About Us
Our Services
Patient Education
Contact Us
Heart disease treatment centre Mumbai
cardiologist center
cardiac services
cardiac treatment

Vitamin E supplements and cardiovascular disease:
Do they help?

Antioxidants are natural substances that exist as vitamins, minerals and other compounds in foods. Vitamin E is considered an antioxidant vitamin.

What are antioxidants?

Antioxidants fight substances, called free radicals that are produced when your body uses oxygen, such as when breathing or when exposed to substances such as cigarette smoke. Antioxidants have been linked to disease prevention by helping to increase the function of the immune system and possibly decrease the risk of heart disease, infection, cancer and other diseases.

Because oxidation of low-density-lipoproteins (the “bad” cholesterol) is an important step in the process of atherosclerosis, it has led many investigators to ask what is the role of antioxidants and heart disease? Atherosclerosis is the build-up of fat and cholesterol deposits, called plaque, on the inside of the arteries that leads to narrowing or blocking of the arteries if left untreated.

What is the role of antioxidants and cardiovascular disease?
Studies have shown that eating a diet rich in antioxidant-containing foods, such as fruits, vegetables and whole grains, has been linked to a reduced risk of cardiovascular (heart and blood vessels) disease (Click here to learn more). Several studies have evaluated the role of antioxidant vitamins, especially Vitamin E, in reducing heart disease events and stroke in people who have a high risk for these conditions.

Previous studies have shown conflicting results due to the low doses of Vitamin E, few study participants, limited duration of treatment and the inability to distinguish if the beneficial results were due to the Vitamin E or other lifestyle factors.

HOPE Study
The Heart Outcomes Prevention Evaluation (HOPE) Study evaluated a large number of patients (2545 women and 6995 men), aged 55 years and older, who were at high risk for cardiovascular events. The study was conducted for 4 ½ years to determine the role of vitamin E in those at high risk for primary or secondary cardiovascular events.

Primary cardiovascular events included myocardial infarction (heart attack), stroke, and death due to cardiovascular causes. Secondary cardiovascular events included any event or hospitalization for unstable angina (chest pain), heart failure, revascularization (reestablishing blood supply), limb amputation, and complications of diabetes or cancer. Patients were divided into two groups: those that received 400 IU of vitamin E per day and those who did not receive vitamin E, but rather a placebo.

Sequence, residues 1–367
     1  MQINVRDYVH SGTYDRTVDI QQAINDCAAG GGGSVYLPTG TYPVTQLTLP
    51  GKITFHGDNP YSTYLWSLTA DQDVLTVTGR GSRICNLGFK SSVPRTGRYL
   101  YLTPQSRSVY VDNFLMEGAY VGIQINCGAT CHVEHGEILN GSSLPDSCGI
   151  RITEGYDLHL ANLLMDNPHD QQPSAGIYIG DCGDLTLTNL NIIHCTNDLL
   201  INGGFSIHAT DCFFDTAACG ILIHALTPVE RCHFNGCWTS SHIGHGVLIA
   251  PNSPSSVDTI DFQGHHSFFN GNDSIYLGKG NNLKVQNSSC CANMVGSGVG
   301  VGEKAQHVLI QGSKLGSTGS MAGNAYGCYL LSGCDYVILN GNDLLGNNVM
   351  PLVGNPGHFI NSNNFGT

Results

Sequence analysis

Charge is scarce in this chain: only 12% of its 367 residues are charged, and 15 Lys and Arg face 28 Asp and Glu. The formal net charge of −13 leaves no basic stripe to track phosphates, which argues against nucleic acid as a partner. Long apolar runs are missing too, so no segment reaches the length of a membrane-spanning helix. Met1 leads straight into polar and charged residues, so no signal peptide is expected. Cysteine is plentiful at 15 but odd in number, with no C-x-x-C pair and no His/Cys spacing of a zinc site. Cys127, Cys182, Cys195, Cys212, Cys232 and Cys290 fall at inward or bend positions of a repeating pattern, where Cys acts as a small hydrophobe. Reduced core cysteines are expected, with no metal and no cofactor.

The HOPE study showed that vitamin E did not reduce the incidence of cardiovascular events in those at high risk for these conditions during a follow-up period of 4 to 6 years.
Future studies will evaluate the use of vitamin E for a longer period of time to determine if:

  • The prolonged use (longer than 4 to 6 years) of vitamin E supplements benefits those at high risk for primary or secondary cardiovascular events
  • Vitamin E supplements must be taken with other antioxidants to be beneficial
  • There are other health benefits to vitamin E (such as decreasing the risk of certain types of cancer or easing joint inflammation from arthritis)

Vitamin E - harmful effects?
Vitamin E can increase risk for bleeding. The minimum amount of vitamin E it takes to affect blood clotting is about 30 IU. That is far less than the 400 IU dose that most people actually take. Most healthy people are not likely to run into problems with this, but people who are already on a blood-thinner medication (such as Coumadin, aspirin, or other platelet-inhibitors) or those who are preparing for surgery, may have cause for concern.

Other studies have shown slightly less amount of cardioprotection for those who take vitamin E. Dr. Eric Topol, Department Chairman of Cardiovascular medicine states, “In fact, the Heart Protection Study (HPS) indicated a slight trend toward harm in those patients who took a combination of vitamin E, beta carotene, and vitamin C.”

What now?
"For now, there is no need to take vitamin E supplements to reduce the risk of cardiovascular disease." Dr. Topol adds. “If we could find a vitamin that helps people we would surely recommend it. At this time, it is more important to decrease your risk factors using more proven methods.”
To reduce your risk factors for cardiovascular disease, it’s important to:

  • Quit smoking and using tobacco products
  • Have your doctor check your lipid profile
  • Get treatment, if necessary, to reach a lipid goal of LDL less than 100 and HDL greater than 45
  • Eat foods low in saturated fat and cholesterol and rich in fiber and nutrients (including antioxidants)
  • Exercise regularly
  • Control high blood pressure and diabetes
  • Achieve and maintain an appropriate weight
  • Ask your doctor to do a blood test to detect high levels of homocysteine and high-sensitivity c-reactive protein, substances that have both been linked to an increased risk of heart disease
  • Have regular check-ups with your doctor
  • Ask your doctor about taking aspirin (between 80 and 160 mg once a day)

cardiac center

Copyrights © Krishna Cardiac Care Centre. All Rights Reserved. Designed by Fastcursor